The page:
Researchers develop a novel process to desalinate whey

Scientists reveal that increased salt content of whey—the leftover watery part of milk following cheesemaking—makes it one of the most polluting byproducts in the food processing industry.

Researchers develop a novel process to desalinate whey
Illinois chemical and biomolecular engineering professor Xiao Su led a team of researchers who found an economical and sustainable method to process excess dairy whey—one of the food manufacturing industry’s largest polluters. Image Credit: Photo by Fred Zwicky.

In recent research, chemists elaborated the first electrochemical redox desalination method employed in the food industry, eliminating and recycling around 99% of excess salt from whey at the same time refining more than 98% of whey’s useful protein content.

The U.S. Department of Agriculture reports intake of cheese increased in recent years, and projections estimate its persistent growth. The research reveals that cheese production contributes around 83% of the total waste stream in the dairy industry.

This environmental damage, in addition to a quickly heightening population need for sustainable food systems, motivated University of Illinois Urbana-Champaign chemical and biomolecular engineering professor Xiao Su to address this challenge through state-of-the-art electrochemical technologies.

The desalination method carried out in this research uses around 73% less energy and functions at 62% of the operating cost linked with traditional desalination systems, stated the scientists. The observations of the research led by Illinois graduate student Nayeong Kim were published in the Chemical Engineering Journal.

Although excess whey is wracked with several environmental waste problems, the food industry also recognizes it as a valuable nutrient source. By demineralizing the highly concentrated salts in whey waste in a sustainable manner, we can eliminate one of the environmental hazards associated with dairy processing while simultaneously unlocking access to the valuable protein resource found in whey waste.”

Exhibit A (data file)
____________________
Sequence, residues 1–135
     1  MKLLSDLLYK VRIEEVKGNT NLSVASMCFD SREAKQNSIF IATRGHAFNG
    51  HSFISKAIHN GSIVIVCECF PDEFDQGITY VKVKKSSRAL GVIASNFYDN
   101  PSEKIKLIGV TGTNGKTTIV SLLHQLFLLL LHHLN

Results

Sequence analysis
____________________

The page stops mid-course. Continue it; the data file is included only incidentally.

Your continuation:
Xiao Su, Professor, Chemical and Biomolecular Engineering, University of Illinois Urbana-Champaign

Su and his associates addressed this challenge by introducing a chemical redox-coupled dialysis system—a device similar to a battery cell. The process consists of two independently controllable channels for the whey waste and the electrodes, separated by a pair of ion-exchange membranes. Su added that the process permits continuous desalination through a reversible redox reaction.

Our system recovers valuable whey proteins without the risk of protein aggregation or denaturation. Also, the molecular size of redox species is larger than the membrane pore size, meaning it cannot cross over the membrane to contaminate the purified proteins. I believe that the redox-mediated electrodialysis system can revolutionize the food industry by tackling coupled environmental and nutrition crises.”

Nayeong Kim, Graduate Student, University of Illinois Urbana-Champaign

During the protein purification process, positively charged sodium ions relocate from the feed to the redox channel and become chemically reduced at the negative electrode. The negatively charged chloride ions migrate to the redox channel when the reduced ions are oxidized at the positive electrode. This results in a sustainable regeneration of the redox couple.

The research reveals that the redox channel can sustain its electrolyte concentration by discharging the removed ions to the feed channel, and recovered sodium chloride can be repurposed to season cheese, thereby making the process a net-zero waste one.

Remarkably, the performance of protein purification and salt recovery was maintained over multiple cycles, demonstrating outstanding stability and cyclability. Overall, our redox-electrochemical process offers a sustainable and electrified platform for the recovery of valuable proteins from dairy production waste, with envisioned integration with renewable electricity in the future.”

Xiao Su, Professor, Chemical and Biomolecular Engineering, University of Illinois Urbana-Champaign

We hope this will be the start of research into sustainable food manufacturing in general,” Su further added.

Source:
Journal reference:

Kim, N., et al. (2021) Redox-mediated electrochemical desalination for waste valorization in dairy production. Chemical Engineering Journal. doi.org/10.1016/j.cej.2021.131082.

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